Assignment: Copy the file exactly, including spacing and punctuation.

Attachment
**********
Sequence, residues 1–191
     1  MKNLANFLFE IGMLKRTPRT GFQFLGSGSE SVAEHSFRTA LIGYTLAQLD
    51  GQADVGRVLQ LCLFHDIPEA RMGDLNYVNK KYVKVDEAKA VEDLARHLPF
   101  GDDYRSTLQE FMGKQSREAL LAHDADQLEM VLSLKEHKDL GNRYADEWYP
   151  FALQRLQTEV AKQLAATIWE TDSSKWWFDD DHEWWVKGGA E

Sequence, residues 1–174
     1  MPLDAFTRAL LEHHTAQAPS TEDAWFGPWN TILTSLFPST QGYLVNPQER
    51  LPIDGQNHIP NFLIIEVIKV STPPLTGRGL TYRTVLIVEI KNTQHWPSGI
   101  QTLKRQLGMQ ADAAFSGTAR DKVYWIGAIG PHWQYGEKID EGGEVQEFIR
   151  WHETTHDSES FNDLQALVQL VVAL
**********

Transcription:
Sequence, residues 1–191
     1  MKNLANFLFE IGMLKRTPRT GFQFLGSGSE SVAEHSFRTA LIGYTLAQLD
    51  GQADVGRVLQ LCLFHDIPEA RMGDLNYVNK KYVKVDEAKA VEDLARHLPF
   101  GDDYRSTLQE FMGKQSREAL LAHDADQLEM VLSLKEHKDL GNRYADEWYP
   151  FALQRLQTEV AKQLAATIWE TDSSKWWFDD DHEWWVKGGA E

Sequence, residues 1–174
     1  MPLDAFTRAL LEHHTAQAPS TEDAWFGPWN TILTSLFPST QGYLVNPQER
    51  LPIDGQNHIP NFLIIEVIKV STPPLTGRGL TYRTVLIVEI KNTQHWPSGI
   101  QTLKRQLGMQ ADAAFSGTAR DKVYWIGAIG PHWQYGEKID EGGEVQEFIR
   151  WHETTHDSES FNDLQALVQL VVAL